Summer is fully here in the Sierra Foothills, both according to the calendar and the thermometer. Our last blog mentioned a cool, wet spring; this is a distant memory now! We’re currently in the midst of our third surge into triple-digit territory. Mid-June brought the first, prolonged run into very hot temperatures, followed by a nice cool-down into the 80’s, followed by a spike into the 105 F+ range, back off to the low 90’s, then once again to around 100 F this weekend. This is summer in the Foothills: not really a surprise, more like a reality check after the pleasant spring.
So far, the vines seem to be handling the heat better than the humans, who besides the heat tend to sleep less in summer with the long days, which on a farm usually means long work days, particularly on either side of the hot middle-of-the-day period. Thanks in part to abundant winter rains (we use well water), we have been able to irrigate as necessary to keep the vines happy. We had successfully kept ahead of mildew pressure through the late spring and early summer, and now the high heat helps with that defense. As noted in the last blog, the strange spring left us short on weed control in certain parts of the vineyard, but we did some extra mowing and spraying and got that under control.
Meanwhile, bloom has come and gone, and we have rapidly growing wine grape clusters visible. We are happy to report, both for our confirmed clients and those on waitlists, that fruit set looks very good throughout the vineyard. We were particularly impressed with the primitivo, which is known to produce a lot of shot berries and irregularly sized fruit in some years, and this year has set clusters that are not overly full (which we don’t like for ripening and for providing a more favorable environment for certain molds) but loose, regularly sized, and abundant. In fact, our major decision in the primitivo will be deciding if the vines can carry all the fruit set or will need judicious fruit dropping to fully ripen.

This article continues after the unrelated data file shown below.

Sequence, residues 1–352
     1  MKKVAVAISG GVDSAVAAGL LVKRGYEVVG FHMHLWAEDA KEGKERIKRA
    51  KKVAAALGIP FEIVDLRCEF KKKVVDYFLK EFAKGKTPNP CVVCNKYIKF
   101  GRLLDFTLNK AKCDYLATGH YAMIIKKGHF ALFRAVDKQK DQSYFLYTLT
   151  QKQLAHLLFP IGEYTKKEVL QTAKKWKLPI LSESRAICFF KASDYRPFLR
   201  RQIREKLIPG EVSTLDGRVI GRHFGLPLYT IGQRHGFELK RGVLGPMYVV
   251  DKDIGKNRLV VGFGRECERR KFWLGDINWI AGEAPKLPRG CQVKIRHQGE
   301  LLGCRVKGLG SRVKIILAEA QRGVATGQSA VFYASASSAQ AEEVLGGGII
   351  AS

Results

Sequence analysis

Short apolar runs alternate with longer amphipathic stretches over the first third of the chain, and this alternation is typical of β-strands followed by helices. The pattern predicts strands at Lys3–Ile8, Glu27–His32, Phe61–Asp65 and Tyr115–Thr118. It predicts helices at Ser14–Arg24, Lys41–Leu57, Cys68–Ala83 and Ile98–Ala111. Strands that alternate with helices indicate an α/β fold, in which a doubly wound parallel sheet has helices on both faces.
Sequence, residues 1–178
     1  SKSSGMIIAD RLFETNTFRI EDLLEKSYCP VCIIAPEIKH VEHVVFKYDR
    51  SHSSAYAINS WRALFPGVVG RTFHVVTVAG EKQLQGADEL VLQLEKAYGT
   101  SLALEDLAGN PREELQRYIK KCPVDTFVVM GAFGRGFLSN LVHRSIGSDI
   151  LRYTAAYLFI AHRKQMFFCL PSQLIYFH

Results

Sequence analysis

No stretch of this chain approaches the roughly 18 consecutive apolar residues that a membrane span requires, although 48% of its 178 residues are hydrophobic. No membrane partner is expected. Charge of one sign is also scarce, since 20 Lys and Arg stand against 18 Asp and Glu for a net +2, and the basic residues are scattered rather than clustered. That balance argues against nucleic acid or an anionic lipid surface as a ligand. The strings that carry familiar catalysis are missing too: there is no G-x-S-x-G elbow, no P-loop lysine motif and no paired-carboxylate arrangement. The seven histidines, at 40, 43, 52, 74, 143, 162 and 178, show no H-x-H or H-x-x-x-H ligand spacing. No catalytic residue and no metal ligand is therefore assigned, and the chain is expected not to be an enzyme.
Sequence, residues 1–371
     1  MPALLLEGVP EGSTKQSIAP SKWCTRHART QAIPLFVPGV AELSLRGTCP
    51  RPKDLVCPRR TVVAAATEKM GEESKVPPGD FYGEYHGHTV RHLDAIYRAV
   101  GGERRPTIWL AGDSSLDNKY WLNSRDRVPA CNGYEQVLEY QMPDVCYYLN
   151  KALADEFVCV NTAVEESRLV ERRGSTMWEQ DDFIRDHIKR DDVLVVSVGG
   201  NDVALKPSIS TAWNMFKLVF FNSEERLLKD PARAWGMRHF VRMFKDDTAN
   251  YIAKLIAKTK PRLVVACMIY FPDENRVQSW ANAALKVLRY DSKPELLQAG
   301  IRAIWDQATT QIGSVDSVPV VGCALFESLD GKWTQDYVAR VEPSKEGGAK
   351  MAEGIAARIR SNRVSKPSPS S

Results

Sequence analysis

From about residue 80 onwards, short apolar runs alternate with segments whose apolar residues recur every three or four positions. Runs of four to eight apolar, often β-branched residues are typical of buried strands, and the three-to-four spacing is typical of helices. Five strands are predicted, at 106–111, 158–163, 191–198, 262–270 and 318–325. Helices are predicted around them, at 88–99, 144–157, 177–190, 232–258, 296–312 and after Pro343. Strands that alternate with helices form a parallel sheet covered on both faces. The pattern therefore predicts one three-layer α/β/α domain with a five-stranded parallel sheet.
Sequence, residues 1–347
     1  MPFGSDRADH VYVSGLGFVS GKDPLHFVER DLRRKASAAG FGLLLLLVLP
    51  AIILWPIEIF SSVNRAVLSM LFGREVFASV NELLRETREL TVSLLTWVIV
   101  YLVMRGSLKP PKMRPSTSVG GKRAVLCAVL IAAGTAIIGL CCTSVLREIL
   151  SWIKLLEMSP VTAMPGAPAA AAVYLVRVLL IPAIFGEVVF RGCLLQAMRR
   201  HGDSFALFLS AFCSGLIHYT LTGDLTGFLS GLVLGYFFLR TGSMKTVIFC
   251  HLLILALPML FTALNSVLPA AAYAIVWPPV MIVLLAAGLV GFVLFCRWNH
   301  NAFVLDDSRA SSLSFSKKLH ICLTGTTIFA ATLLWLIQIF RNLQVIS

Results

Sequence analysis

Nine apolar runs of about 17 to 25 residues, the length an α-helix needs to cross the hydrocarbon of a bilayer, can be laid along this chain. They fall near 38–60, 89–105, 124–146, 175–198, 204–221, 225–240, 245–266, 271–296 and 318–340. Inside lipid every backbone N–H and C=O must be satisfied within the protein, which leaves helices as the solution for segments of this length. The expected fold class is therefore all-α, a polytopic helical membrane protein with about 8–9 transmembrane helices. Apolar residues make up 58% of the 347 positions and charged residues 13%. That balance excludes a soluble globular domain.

The barbera crop also looks promising; the key there as always is being able to harvest the fruit that is set in the face of hot temperatures which we don’t think this varietal particularly favors with its thinner skin. However, it was probably a good thing that we got the prolonged heat spike in June, as the skins should have built up a protective coating to withstand sunburn that that will serve it well for the balance of the summer. We are quite pleased with progress to date.
We are waiting now for the first signs of veraison, which should come any time now. Our bellwether for that is our tempranillo, which besides being our earliest varietal to start veraison (=ripening visible as color change in grapes) happens to grow adjacent to where we need to walk to access the vineyard daily, and so is effectively checked frequently. We are already about two weeks past the start veraison last year, consistent with the significantly later harvest that we were anticipating based on later budburst.
On the wine competition front, we neglected to mention in the last blog, as we had such exciting news to report from our clients’ results, that we did pretty well ourselves at the El Dorado County Fair home winemaker competition. Our 2013 Portugese Red, a blend of 4 varietals from our Quinta vineyard block, earned a double gold, one of only 5 wines out of over 100 entrants to earn that distinction. This continues a pretty remarkable run of honors for wines, mostly made by our clients, made from our Portugese varietals.
We have nominally just 0.35 tons (could possibly be a full half ton) of touriga still available for sale, though as mentioned primitivo fruit set looks very good, and barbera fruit set healthy, so we could see some of those varietals become available closer to or after initial harvest. We expect to be able to confirm availability of fruit for some of our waitlist clients ahead of harvest, once we see how the vines handle the onset of veraison.